Partridges are found throughout Israel, particularly in rocky mountainous slopes, valleys, and cultivated farm land, from the Negev in the south to Galilee and the Golan in the north. They thrive in a wide variety of altitudes, from 1,400 feet (430m)
below sea level (the Dead Sea) to 11,800 feet (3600m) above sea level.

The chukar is called
hajel in Arabic, which is Hoglah in Numbers 26:23, the name of one of Zelophehad’s daughters (“Partridge,” Jewish Virtual Library). It is also the name of the Judean town Bethhoglah (Joshua 15:6).

In the Talmud, the chukar is mentioned with the pheasant and the quail as kosher game birds, the chukar being the most desirable of the three for taste.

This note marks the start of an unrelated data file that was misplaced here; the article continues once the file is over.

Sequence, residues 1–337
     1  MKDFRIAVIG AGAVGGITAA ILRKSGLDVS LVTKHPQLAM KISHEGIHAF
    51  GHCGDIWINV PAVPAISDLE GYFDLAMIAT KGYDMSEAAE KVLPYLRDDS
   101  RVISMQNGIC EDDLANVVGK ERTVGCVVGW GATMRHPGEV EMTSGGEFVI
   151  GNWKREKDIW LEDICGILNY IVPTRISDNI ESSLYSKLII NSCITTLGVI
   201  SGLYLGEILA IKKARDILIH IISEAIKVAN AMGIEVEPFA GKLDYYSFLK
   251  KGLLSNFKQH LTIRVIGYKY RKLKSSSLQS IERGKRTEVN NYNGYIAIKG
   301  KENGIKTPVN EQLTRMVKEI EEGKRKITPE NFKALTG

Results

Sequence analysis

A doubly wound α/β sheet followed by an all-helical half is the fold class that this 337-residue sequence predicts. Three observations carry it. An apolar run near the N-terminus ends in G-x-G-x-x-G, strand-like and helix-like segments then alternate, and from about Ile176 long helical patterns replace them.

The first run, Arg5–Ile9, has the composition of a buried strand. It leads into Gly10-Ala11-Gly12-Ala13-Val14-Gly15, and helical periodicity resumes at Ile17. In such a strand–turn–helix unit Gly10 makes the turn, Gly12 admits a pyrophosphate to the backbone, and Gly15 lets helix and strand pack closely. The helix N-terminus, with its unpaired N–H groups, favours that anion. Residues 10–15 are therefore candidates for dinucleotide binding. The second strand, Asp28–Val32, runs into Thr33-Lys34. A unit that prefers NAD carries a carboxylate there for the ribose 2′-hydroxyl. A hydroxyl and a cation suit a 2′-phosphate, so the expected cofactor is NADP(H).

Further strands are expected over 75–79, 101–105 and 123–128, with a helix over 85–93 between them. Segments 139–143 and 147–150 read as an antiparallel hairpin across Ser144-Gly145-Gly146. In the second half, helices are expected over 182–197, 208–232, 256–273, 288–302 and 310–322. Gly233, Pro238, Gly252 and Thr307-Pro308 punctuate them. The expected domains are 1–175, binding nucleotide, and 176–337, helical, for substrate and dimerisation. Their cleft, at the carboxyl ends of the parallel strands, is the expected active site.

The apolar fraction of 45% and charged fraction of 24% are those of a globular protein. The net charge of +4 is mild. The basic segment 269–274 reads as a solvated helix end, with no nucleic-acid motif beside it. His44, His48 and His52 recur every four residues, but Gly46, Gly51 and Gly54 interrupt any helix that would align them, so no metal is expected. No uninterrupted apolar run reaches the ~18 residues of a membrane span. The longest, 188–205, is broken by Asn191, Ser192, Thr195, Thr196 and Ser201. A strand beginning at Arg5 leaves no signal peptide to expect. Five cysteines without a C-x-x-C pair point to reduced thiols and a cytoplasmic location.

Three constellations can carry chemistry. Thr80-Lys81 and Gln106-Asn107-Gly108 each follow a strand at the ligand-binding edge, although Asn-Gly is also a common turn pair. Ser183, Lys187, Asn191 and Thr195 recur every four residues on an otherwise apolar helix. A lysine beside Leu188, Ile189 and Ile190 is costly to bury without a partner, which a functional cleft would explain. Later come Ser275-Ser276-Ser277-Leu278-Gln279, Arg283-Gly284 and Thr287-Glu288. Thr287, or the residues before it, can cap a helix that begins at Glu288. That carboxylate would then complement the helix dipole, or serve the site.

The chukar is a large bird, 13-14 inches (32-35 cm) long, and is beautifully colored. It has a light brown or brownish-gray back with gray and buff breast and belly. Its face and the front of its neck are white, with the white set apart by and highlighted by a black band (a
gorget). The gorget runs across its eyes so that it appears to be wearing a mask. Its side has a large rectangular white patch decorated with black stripes. Its legs and beak are bright orange, and its striking black eyes are surrounded with bright orange rings.

Partridges are “highly social birds” and in non-breeding season, they congregate in
coveys of 10 to 50 birds consisting of two or more broods (breeding pairs and their offspring).

They roost on the ground under shrubs or small trees such as the juniper or even on open ground. Often they will roost in a tight circle with their heads pointed outwards to conserve heat and to keep a look out for predators (